Walking into the large Neo-Georgian Uplands Cultural and Heritage Museum, you cannot help but feel transported to the late 1800s, with the old-fashioned kitchen, traditional wallpaper, and well-preserved artefacts.

Tea at Uplands is a special treat. As soon as you enter, you are treated to a selection of beautiful porcelain teacups, where you can literally “choose your cup” for the English tea ceremony. In the winter, the tea is served in the cosy dining room next to antique bookshelves and paintings, while in the summer, visitors can enjoy the outdoors on the veranda or amid blooming flowers in tables spread out in the tranquil gardens.

During the afternoon tea, you can stay for as long as you want, and many people choose to mingle with friends or family all afternoon. The ambience is excellent for both social gatherings and intimate conversations. Once inside the museum, you will be greeted by hostesses in traditional dresses and given a rundown of the menu. In this case, the small tea ($10 per person) included black tea (chosen for its versatility and suitability for different taste buds), scones with strawberry jam and Devonshire style cream, chocolate cake, orange slices with cinnamon, and orange cake – all very tasty. The menu changes seasonally. In the summer, the Traditional Tea option ($14 pp) consists of tea, scones, cucumber sandwiches, and pastries. High Tea (summer only for $20 pp) is a bit more elaborate, with quiche and savory bites, in addition to the items offered in Traditional Tea. Since it was wintertime, the tea was served in elegant handmade cosies, which preserve warmth for up to two hours and added a homey touch.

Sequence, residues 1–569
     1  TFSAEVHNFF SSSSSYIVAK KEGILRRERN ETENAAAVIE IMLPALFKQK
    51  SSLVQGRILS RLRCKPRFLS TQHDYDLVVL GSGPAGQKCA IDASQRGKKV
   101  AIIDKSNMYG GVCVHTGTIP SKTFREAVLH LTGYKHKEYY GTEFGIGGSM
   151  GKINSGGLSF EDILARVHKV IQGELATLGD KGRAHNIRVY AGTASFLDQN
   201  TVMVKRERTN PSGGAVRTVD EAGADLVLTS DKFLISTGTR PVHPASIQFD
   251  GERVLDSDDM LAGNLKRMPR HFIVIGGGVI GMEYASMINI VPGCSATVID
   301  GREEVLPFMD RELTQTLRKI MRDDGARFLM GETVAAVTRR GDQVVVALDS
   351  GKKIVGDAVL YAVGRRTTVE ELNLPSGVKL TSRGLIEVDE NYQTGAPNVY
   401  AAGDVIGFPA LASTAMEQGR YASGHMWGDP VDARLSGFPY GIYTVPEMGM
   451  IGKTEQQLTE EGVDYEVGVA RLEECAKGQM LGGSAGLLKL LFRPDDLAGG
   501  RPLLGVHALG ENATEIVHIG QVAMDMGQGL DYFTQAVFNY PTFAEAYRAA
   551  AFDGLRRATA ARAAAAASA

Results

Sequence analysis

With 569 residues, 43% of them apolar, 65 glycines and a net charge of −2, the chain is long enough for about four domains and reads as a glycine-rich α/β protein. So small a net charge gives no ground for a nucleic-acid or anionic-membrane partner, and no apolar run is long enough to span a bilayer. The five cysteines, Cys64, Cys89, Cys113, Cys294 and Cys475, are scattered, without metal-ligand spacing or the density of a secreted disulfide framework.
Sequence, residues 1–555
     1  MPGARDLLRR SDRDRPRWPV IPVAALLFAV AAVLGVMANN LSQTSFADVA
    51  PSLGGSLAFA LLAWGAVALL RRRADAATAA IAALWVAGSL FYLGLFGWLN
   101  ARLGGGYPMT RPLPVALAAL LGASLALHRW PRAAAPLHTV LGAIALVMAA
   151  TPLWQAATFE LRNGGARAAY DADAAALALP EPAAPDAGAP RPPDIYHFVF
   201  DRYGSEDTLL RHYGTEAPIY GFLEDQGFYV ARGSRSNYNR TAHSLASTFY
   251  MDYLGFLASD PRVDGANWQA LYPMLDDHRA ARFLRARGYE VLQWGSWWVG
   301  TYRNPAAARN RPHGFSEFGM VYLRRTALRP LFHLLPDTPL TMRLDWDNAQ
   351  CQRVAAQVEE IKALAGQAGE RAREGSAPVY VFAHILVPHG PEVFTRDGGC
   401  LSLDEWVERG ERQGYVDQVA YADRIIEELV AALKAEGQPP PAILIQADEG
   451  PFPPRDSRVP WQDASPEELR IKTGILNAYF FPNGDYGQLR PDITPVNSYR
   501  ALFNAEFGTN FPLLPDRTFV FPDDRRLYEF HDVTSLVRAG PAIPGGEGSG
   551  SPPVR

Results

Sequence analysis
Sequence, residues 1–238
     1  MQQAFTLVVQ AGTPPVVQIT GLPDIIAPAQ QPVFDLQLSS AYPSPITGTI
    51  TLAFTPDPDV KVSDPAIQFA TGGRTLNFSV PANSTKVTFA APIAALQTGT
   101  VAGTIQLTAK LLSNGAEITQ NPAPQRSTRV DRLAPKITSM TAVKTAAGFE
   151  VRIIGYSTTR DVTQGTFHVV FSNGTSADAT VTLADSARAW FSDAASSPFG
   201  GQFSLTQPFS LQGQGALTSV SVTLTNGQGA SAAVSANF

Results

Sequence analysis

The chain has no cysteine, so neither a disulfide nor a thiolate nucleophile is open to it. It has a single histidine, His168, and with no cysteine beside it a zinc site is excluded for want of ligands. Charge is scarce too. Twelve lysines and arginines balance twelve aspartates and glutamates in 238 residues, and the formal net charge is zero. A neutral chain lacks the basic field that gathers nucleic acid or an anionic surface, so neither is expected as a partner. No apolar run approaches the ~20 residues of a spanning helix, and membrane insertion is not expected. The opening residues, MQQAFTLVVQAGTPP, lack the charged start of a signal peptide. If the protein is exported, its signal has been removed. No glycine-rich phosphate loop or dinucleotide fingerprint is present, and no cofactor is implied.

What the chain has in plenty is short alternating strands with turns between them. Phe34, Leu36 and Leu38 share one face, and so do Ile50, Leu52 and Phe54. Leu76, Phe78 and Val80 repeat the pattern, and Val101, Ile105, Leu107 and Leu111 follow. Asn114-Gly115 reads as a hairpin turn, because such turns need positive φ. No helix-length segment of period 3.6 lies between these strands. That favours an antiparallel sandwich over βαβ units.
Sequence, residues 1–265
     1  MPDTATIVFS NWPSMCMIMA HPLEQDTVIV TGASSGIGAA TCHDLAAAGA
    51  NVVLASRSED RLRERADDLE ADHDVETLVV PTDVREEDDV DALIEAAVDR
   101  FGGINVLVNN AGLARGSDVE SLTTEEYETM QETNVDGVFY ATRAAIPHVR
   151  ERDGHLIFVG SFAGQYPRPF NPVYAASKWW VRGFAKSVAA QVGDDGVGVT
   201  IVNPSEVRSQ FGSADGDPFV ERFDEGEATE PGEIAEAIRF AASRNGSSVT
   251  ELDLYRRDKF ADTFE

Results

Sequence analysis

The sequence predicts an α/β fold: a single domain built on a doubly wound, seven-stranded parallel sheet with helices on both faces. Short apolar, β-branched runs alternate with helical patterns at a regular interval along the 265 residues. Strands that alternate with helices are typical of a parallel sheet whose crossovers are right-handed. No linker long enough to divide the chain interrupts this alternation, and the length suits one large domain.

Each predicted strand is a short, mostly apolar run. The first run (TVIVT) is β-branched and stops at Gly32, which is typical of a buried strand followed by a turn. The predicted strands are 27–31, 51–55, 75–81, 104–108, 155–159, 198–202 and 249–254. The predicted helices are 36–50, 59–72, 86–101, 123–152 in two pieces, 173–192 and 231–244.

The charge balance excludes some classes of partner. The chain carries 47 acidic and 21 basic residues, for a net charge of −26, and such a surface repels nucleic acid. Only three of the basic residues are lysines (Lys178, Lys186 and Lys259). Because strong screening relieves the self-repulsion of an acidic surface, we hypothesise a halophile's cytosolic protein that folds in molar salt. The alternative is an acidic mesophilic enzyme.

The people who work at Uplands take great pride in the home’s historical significance and told many stories of the families who inhabited the property. Our hostess also shared tips on how to enjoy tea in traditional style – for example, by putting in milk first.

After you are finished the tea, you can tour around the museum, which used to be a wealthy family residence. In 1862, the home was established by an Englishman John Barney Paddon, who christened it “Uplands” after a namesake property in the UK. The house was then sold to Arthur Spied – a science teacher, mayor, photographer, and community leader – and remained in the Speid family for several generations, undergoing a few major renovations in the process. The Lennoxville-Ascot Historical and Museum Society (LAHMS) acquired the home in the 1980s, and volunteers worked tirelessly to restore it to its present condition, where it showcases Lennoxville’s vibrant arts and culture scene.

Almost all of the furnishings in Uplands were either originals from Mr. Speid (for example, the soap dish, sponge holder, and towel racks in the upstairs bathroom) or donated by people who lived around that time period. Exhibits rotate every few months, but include beautiful paintings and art installations on the first floor. If you walk upstairs, you will find a treasure cove of old-fashioned heirlooms and toys – a baby stroller, Cabbage Patch, paper doll collection, train set, dollhouse, and antique bed, as well as a parlour with fireplace and temporary exhibition room. This winter, the display showcased the history of firefighting in the Eastern Townships (“Fire: Friend and Foe”).

English Tea at Uplands is a delightful social experience and comes with a rich past of entertaining visitors. Tea was first served in 1989, a few years after the museum opened to the public. In the summer (June 13-August 25), tea is served Tuesday to Sunday between 10 am and 4:30 pm. During the rest of the year, weekend tea is held Saturday and Sunday from 1-4:30 pm, except for in January, when they are closed to the public.

Reservations are preferred and can be made by calling in advance (819-564-0409).